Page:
It’s back to the drawing boards for Middletown’s school buildings after Newport voters rejected regionalization.

While Middletown voters overwhelmingly okayed a proposal on Election Day to team up with Newport schools and a $235 million bond to clear the way for construction of three new schools, the same wasn’t true in the City-By-The-Sea.

According to preliminary numbers with 100 percent of polling places reporting, 3,645 Newport residents voted against regionalizing, with 3,253 in favor. In the process, Newport leaves close to $50 million in state aid on the table in the process along with the ability to reinvest operational savings back into the classroom, a joint curriculum and other benefits of regionalization.

Town officials thanked Middletown voters for their strong support of Question 4 to regionalize by a 3,704 to 2,039 mark (65 percent in favor) and Question 5 for the $235 million bond by a 4,237 to 1,500 tally (74 percent), saying it was clear they had the best of the school children in mind.

Now, it will be up to area officials to decide what’s next, whether to continue to push plans for new schools or rehab the aging buildings it has. Because of the freshness of the vote totals Tuesday night, local leaders said it was far too early to decide what to do next.

“I want to thank our Middletown voters,” School Building Committee Co-Chairman Charlie Roberts said. “Unfortunately, despite a lot of great work, we could not overcome past relationships with Newport and a vocal contingency to reject regionalization. We still have a need for our kids and when it comes down to it, that’s all I care about. Helping the kids.”

“We worked extremely hard to get regionalization and the bond to the point we did,” Town Administrator Shawn J. Brown said. “I’m very proud of what we were able to accomplish and it showed in the support we received from Middletown voters. They understood what a well formulated, solid plan this was.” 

Votes For The Future

Although the final vote totals had not been announced late Tuesday night, the preliminary results showed two new faces on the town’s top elected body.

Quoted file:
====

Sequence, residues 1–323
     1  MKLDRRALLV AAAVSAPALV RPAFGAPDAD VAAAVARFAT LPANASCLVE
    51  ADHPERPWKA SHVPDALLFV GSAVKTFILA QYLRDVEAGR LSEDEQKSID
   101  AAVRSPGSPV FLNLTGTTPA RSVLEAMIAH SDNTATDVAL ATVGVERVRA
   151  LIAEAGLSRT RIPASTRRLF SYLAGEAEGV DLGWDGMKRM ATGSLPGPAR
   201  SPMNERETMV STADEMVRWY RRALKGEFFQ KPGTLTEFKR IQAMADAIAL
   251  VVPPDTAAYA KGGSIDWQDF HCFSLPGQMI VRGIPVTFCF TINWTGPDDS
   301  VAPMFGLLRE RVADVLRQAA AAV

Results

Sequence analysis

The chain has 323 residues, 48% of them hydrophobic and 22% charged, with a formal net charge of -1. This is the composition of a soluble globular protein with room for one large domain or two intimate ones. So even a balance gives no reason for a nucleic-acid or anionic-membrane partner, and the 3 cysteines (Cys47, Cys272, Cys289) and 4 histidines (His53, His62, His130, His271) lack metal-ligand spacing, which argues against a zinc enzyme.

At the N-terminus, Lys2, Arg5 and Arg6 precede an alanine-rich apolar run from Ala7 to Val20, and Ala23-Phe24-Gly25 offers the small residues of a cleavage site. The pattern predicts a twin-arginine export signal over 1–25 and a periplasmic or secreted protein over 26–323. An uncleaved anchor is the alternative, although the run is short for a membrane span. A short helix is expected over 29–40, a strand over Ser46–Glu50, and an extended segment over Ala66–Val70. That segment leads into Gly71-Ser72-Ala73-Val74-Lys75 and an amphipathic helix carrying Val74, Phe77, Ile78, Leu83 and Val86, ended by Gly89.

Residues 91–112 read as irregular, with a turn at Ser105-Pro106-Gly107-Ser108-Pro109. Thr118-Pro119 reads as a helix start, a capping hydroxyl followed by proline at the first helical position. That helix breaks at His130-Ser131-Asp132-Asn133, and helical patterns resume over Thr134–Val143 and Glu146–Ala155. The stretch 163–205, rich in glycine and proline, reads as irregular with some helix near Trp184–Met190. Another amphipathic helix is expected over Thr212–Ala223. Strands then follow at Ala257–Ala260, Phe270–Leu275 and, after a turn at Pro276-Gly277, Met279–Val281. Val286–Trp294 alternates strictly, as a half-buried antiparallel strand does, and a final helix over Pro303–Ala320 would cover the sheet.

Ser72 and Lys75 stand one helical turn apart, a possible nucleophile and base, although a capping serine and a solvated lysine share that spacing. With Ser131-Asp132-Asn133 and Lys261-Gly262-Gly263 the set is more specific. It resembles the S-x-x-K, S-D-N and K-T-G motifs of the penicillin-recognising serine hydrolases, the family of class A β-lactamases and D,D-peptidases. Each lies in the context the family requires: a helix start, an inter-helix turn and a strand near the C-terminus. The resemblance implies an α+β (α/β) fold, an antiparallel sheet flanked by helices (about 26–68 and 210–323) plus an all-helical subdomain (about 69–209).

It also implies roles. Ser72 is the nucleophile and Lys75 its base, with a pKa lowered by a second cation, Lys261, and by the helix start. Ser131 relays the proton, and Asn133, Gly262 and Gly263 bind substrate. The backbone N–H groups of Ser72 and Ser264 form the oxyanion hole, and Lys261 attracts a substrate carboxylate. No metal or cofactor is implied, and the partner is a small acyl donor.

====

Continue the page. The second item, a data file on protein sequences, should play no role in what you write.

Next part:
The figures showed former Newport Fire Chief Peter D. Connerton Sr. was the No. 1 vote getter with 3,389. He was followed by incumbent council Vice President Thomas P. Welch III with 3,258, and newcomer and Zoning Board of Review member Emily M. Tessier third with 3,144. Sitting council President Paul M. Rodrigues was next with 3,084 votes and incumbent Councilman Christopher M. Logan fifth with 2,873 votes.

The status of the final two spots was in flux late Tuesday night with a number of mail ballots still yet to be counted. As of close to 10 p.m., incumbent Councilwoman M. Theresa Santos was in sixth place with 2,790 votes and incumbent Councilman Dennis B. Turano seventh with 2,788. Sitting Councilwoman Barbara A. VonVillas and Antone C. Viveiros ended in eighth and ninth place with 2,778 and 2,165 votes, according to the latest vote

On the School Committee side, newcomer Wendy E. Heaney finished in first place according to the preliminary vote with 2,961. Sitting Chairwoman Theresa Spengler was second with 2,849 votes and newcomer Gregory M. Huet taking the third and final seat with 2,676 votes. Incumbent school board member Liana Fenton finished fourth with 2,641 votes.

As for the other local question, voters approved allowing the sale of recreational marijuana in Middletown by a 3,281 to 2,482 mark with Question 6 on the ballot.

After the totals started coming in, local leaders said they appreciated the support and would work hard over the next two years.